Last fall, I proposed my “simplistic theory of left and right“:

1. Leftists are anti-market.  On an emotional level, they’re critical of market outcomes.  No matter how good market outcomes are, they can’t bear to say, “Markets have done a great job, who could ask for more?”

2. Rightists are anti-leftist.  On an emotional level, they’re critical of leftists.  No matter how much they agree with leftists on an issue, they can’t bear to say, “The left is totally right, it would be churlish to criticize them.”

But even I’m shocked by how well my simplistic theory fits the 2016 election.  On the Republican side, Trump has steamrolled the competition.  How?  Though his concrete policy proposals are few and fluid, he’s expressed minimal interest in free-market ideas.  How then has Trump won over the rank-and-file?  By doing everything in his power to spite the left: teasing, trolling, ribbing, and scaring feminists, Hispanics, Muslims, protestors, and so on.  In a sense, Trump’s main campaign promise is to keep liberals awake at night – and he’s already fulfilling it.

On the Democratic side, matters are slightly more complicated.  Anti-market ideologue Bernie Sanders has pulled anti-market pragmatist Hillary Clinton noticeably to the left, but Hillary’s going to win.  How does this fit with my view that antipathy toward markets is the driving motive of the left?  Because much of Clinton’s support is strategic.  It’s very plausible that 20% of Hillary voters actually prefer Sanders.  They’re voting for her despite their sympathies because they think she’s more likely to win the general election.  In contrast, almost no one who prefers Hillary is voting for Sanders because they think he has better prospects in the general election.  In polls, the Clinton/Sanders/other breakdown is roughly 50%/40%/10%.  So if 20% of Hillary voters and 0% of Sanders voters are strategic, the sincere breakdown is 40%/50%/10%.  Sanders really is the soul of the Democratic Party.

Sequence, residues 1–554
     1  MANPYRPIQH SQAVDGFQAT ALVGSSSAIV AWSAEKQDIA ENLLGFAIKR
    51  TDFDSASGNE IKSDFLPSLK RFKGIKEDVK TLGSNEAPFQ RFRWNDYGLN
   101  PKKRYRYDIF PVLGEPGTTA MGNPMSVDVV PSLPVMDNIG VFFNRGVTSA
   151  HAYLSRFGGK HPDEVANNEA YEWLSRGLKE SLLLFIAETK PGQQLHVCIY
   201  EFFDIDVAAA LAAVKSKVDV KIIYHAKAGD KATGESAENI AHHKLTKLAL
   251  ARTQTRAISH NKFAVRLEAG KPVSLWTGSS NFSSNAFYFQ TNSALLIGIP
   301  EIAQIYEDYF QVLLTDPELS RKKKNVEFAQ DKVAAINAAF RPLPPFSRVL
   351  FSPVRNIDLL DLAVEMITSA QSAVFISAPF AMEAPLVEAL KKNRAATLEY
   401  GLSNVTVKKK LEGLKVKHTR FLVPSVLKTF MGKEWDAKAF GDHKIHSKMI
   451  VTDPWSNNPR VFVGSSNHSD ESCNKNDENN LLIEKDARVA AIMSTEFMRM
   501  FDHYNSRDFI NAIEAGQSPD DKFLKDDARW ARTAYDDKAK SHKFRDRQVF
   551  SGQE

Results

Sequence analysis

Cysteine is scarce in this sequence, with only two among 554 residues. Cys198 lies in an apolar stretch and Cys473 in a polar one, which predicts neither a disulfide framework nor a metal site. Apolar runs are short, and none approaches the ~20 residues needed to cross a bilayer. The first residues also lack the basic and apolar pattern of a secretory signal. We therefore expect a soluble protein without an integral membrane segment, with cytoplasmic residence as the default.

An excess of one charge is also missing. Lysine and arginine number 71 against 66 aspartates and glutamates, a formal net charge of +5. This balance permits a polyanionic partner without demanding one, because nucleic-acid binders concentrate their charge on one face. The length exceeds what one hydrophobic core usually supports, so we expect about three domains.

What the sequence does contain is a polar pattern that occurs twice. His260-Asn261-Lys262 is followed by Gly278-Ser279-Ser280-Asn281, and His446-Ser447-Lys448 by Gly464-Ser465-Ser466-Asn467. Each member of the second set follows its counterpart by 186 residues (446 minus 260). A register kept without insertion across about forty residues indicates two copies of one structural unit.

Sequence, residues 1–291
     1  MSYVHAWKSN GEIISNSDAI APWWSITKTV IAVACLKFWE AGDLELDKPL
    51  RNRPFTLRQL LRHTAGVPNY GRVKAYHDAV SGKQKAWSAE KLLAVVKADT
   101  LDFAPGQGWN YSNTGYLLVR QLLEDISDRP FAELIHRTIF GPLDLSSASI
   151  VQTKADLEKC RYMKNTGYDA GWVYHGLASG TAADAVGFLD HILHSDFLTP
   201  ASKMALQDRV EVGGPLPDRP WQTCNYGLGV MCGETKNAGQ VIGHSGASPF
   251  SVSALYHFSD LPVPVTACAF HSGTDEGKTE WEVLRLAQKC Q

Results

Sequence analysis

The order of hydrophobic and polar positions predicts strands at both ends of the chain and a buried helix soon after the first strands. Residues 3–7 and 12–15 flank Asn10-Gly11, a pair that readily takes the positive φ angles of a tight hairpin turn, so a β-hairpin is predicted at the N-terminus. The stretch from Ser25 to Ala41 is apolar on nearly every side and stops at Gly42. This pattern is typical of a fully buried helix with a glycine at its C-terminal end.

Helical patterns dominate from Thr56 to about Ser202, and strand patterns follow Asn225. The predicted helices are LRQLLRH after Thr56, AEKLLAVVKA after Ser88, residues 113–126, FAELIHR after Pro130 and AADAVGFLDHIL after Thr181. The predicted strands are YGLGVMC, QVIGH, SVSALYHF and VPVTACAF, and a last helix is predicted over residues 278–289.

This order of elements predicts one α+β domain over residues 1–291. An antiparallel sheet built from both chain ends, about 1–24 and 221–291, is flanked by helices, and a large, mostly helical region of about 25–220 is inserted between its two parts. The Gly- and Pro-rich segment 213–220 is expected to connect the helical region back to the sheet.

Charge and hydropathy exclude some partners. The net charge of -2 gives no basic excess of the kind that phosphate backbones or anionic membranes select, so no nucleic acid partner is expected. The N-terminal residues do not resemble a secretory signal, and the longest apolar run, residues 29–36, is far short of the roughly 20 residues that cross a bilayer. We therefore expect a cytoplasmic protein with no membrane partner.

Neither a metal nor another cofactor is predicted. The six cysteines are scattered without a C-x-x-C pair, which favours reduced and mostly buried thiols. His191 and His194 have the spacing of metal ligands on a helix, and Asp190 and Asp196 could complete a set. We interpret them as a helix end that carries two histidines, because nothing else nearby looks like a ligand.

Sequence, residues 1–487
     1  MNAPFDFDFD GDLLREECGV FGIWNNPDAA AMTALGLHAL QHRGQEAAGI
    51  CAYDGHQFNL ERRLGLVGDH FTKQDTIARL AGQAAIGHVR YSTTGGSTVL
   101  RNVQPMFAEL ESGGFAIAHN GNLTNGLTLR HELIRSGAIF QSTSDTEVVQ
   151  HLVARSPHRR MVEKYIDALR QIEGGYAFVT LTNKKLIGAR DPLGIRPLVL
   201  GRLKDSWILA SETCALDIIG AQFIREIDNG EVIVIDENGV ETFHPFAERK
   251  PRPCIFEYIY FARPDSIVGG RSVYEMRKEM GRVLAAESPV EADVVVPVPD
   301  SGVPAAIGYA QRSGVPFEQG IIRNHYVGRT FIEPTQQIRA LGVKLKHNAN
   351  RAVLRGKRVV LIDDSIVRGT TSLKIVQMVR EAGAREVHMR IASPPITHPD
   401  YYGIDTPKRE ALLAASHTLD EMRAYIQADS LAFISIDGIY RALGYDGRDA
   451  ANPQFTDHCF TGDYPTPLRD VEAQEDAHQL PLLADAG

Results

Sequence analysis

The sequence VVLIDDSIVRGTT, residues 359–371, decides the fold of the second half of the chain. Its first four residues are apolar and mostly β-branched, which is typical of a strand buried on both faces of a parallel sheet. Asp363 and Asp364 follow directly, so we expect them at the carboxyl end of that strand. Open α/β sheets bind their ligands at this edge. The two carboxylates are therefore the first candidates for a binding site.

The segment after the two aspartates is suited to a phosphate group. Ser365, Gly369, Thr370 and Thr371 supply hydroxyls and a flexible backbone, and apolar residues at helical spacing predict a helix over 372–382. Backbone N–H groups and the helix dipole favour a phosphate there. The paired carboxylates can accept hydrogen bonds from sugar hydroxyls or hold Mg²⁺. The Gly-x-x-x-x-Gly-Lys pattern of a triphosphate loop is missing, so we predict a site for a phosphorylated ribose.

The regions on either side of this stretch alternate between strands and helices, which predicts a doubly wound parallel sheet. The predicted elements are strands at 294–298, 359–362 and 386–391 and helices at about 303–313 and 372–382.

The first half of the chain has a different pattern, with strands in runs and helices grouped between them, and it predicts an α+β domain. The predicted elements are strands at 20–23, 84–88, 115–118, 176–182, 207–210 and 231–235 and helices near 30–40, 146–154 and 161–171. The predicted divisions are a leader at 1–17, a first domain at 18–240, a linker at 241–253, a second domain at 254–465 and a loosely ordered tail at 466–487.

And what does Sanders’ soul say?  Markets are rotten, leading to misery and injustice across the board.  Sanders doesn’t say that markets do a lot of good, but wise government policy can help them do even better.  Instead, he paints lurid pictures of free-market horrors that only government can remedy.  His Twitter feed naturally includes a lot of horse-race posts.  But on substantive policy, 90% of Sanders tweets are outraged complaints about the evils of the market.*  That includes the evils of free international labor markets: “What right-wing people in this country would love is an open-border policy. Bring in all kinds of people, work for $2 or $3 an hour, that would be great for them. I don’t believe in that.”  And Sanders has a long history of admiring socialist dictatorships whose only clear accomplishment is suppression of the hated market.

I know plenty of people on left and right with better motives than my simplistic theory predicts.  That’s to be expected; it is a simplistic theory, after all.  But even these noble exceptions tend to sugarcoat the ugly truth instead of admitting their side is sick at heart.

* Yes, I’ve heard Sanders doesn’t fully handle his own Twitter.  But I see no reason to think his Twitter comrades are misrepresenting his views.